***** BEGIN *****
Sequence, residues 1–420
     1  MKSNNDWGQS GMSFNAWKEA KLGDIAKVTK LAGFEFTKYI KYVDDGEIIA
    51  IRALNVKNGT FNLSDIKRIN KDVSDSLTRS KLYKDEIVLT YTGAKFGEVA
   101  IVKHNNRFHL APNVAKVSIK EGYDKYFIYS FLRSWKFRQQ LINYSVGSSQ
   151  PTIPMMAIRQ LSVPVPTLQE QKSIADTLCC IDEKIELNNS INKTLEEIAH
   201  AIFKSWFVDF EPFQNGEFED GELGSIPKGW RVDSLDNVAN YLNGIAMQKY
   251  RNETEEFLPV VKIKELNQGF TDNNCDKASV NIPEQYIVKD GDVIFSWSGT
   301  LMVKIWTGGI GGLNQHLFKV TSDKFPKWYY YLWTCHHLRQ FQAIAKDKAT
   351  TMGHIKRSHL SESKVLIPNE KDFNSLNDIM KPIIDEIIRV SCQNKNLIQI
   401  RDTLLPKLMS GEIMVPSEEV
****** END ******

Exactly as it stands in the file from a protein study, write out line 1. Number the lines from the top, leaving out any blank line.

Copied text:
Sequence, residues 1–420